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Did Flagler Humane Society encourage dressing up animals

Should animal welfare condone the dressing up of animals.

The Flagler Humane Society in Florida USA received worldwide coverage of their recent “creative” and “ingenious” scheme to find homes for three of their left behind elderly dogs by dressing them up as old people. Such an action raises the question of whether animal welfare organisations should be condoning dressing up animals and possibly sending out the wrong message to animal owners. Occasionally putting a hat and sunglasses on a pet as a bit of harmless fun or putting a jaunty bandana round a dog’s neck is arguably acceptable, but going to extremes is surely not a trait or habit that should be encouraged.

It is a constant problem for rescues, as I well know being a former animal home manager, to find new places for elderly dogs. Most people do not want the heartache of taking on an animal that may just live for a few years. Although it would be a perfect fit to match elderly people with aged dogs this is rarely possible or practical. This problem can cause desperation for many rescues in the search for these elusive homes.

ethical and welfare of dressing up dogs

Do we really need wigs, hats and sunglasses to make animals more homeable?

Surely though we are hitting a low point when Humane Societies and other rescues are reduced to dressing animals in wigs, hats, scarves and jumpers to get our attention. It doesn’t say much for our pet loving qualities when prospective owners only feel a dog becomes more worthy of a home when it suddenly becomes cute and adorable by wearing a hat and sunglasses.

Costumes for animals are big business for the pet trade, who have no interest in the ethical or welfare aspects of the trend, only the multi-millions they make out of our inane insistence to dress our pets up to make them look cute. Just because these outfits are available doesn’t mean we have to buy them or believe they are suitable or morally right. Very little thought is given to whether they may be uncomfortable, cumbersome, or even frightening.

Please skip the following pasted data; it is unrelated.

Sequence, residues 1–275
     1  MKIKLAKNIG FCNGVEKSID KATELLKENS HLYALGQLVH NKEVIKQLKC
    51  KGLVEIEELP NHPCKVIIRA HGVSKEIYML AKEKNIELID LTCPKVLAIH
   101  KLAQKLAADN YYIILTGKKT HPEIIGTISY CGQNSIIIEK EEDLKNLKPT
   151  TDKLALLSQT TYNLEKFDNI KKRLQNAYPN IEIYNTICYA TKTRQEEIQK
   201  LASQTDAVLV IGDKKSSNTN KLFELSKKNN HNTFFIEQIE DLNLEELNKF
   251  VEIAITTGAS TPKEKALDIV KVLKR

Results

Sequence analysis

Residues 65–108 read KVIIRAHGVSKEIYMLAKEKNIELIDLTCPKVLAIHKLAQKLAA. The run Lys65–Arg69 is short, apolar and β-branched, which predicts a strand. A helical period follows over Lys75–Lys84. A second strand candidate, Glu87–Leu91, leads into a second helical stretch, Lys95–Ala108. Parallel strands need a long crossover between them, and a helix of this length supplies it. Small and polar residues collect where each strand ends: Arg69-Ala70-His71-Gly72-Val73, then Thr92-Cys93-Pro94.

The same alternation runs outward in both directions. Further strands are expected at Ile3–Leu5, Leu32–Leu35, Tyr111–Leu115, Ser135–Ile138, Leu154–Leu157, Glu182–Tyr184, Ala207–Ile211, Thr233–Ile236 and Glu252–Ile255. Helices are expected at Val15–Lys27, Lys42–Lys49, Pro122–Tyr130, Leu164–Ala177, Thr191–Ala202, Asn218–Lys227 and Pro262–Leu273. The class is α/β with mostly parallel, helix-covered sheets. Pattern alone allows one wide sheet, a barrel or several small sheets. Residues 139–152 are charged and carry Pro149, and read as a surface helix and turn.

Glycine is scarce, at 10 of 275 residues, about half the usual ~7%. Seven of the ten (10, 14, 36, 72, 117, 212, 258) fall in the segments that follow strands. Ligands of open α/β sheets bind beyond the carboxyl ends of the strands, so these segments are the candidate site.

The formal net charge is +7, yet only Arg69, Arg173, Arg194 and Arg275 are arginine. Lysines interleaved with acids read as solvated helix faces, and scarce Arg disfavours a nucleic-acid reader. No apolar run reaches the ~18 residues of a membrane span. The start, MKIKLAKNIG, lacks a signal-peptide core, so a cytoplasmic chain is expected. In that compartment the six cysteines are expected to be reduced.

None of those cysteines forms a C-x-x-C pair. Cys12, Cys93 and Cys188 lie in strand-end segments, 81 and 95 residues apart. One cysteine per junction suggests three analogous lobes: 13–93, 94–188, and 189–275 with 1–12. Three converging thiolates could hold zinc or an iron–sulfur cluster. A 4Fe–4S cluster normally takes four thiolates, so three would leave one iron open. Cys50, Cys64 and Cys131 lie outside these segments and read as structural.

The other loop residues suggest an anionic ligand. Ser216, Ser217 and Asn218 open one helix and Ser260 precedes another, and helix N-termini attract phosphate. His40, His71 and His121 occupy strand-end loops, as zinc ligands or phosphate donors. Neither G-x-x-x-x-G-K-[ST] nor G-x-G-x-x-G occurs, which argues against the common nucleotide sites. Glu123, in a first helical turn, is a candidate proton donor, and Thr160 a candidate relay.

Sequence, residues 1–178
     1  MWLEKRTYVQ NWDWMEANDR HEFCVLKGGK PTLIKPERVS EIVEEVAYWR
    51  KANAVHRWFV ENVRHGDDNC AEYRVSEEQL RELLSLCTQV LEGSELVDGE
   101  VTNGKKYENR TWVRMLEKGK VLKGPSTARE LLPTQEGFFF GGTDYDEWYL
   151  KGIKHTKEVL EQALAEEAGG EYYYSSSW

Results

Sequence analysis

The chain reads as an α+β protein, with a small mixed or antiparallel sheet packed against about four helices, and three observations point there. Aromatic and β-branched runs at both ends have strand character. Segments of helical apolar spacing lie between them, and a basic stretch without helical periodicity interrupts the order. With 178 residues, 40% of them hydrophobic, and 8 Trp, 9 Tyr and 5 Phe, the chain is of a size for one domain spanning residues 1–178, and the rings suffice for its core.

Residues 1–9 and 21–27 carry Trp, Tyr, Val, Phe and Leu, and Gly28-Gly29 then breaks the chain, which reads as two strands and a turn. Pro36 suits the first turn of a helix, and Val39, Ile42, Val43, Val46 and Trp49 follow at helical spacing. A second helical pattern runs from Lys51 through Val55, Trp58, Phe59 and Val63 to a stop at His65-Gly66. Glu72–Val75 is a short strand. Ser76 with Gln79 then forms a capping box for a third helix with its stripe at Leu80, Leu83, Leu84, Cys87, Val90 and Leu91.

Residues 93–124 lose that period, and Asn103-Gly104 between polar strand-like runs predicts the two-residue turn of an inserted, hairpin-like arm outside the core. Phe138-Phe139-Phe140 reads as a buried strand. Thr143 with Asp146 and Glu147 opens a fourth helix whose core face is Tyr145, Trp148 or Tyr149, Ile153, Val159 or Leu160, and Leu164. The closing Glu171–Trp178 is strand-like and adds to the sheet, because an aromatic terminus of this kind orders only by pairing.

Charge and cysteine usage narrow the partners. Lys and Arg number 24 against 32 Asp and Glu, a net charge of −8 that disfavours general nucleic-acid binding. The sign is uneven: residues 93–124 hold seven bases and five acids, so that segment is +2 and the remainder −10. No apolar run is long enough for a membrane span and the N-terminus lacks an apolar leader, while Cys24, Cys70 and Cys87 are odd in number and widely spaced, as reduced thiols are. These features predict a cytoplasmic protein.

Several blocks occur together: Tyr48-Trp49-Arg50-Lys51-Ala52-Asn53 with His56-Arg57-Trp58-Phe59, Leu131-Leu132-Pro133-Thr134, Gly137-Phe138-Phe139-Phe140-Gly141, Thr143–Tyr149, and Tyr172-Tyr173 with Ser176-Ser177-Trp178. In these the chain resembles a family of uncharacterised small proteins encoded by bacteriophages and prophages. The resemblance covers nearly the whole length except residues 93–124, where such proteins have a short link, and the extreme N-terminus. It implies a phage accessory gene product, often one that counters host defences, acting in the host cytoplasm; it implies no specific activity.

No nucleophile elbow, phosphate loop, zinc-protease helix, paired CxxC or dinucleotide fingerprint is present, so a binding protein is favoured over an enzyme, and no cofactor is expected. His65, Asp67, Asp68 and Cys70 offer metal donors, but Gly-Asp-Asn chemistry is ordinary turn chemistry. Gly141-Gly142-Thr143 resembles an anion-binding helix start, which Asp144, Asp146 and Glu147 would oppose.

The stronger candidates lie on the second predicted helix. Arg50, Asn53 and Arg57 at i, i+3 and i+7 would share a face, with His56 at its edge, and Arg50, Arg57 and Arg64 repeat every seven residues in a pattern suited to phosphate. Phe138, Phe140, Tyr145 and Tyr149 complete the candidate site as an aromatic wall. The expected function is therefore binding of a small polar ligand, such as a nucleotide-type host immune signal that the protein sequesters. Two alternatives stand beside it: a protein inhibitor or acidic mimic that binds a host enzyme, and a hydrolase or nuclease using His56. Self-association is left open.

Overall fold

Highlights the divide between animal welfare and animal rights.

The RSPCA and other welfare organisations as usual sit on the fence and guardedly warn against the practice while also giving tips and advice on how to ethically dress them up. Animal rights organisations, such as PETA, are obviously against the practice. Ardent animal rights advocates were probably horrified at an animal welfare organisation showing such little respect for the dignity of animals and their status. It is a classic example though of the often great divide between the philosophy of animal welfare and animal rights.

Although needs must and this “ingenious” stunt was successful, with the three dogs finding new homes, there must be a risk that it sends out the wrong message to all those who already paint the nails of their animals, buy bizarre outfits for them and pierce them. Perhaps our perceptions of acceptable behaviour towards animals is becoming rather skewed and if so, it is not a particularly edifying state of affairs.

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WhatsApp being used for betting on illegal hare coursing

Spare a thought for the hares this winter.

Many people get upset at Christmas when the fox hunts put themselves on display to celebrate one of the outdated traditions of the British countryside, but there is another evil traditional “sport” that is gathering pace in the English countryside despite being illegal and that is hare coursing. It has been gaining in popularity over the last few years partly because it now involves black market gambling thanks to modern technology like WhatsApp and organised trophy events.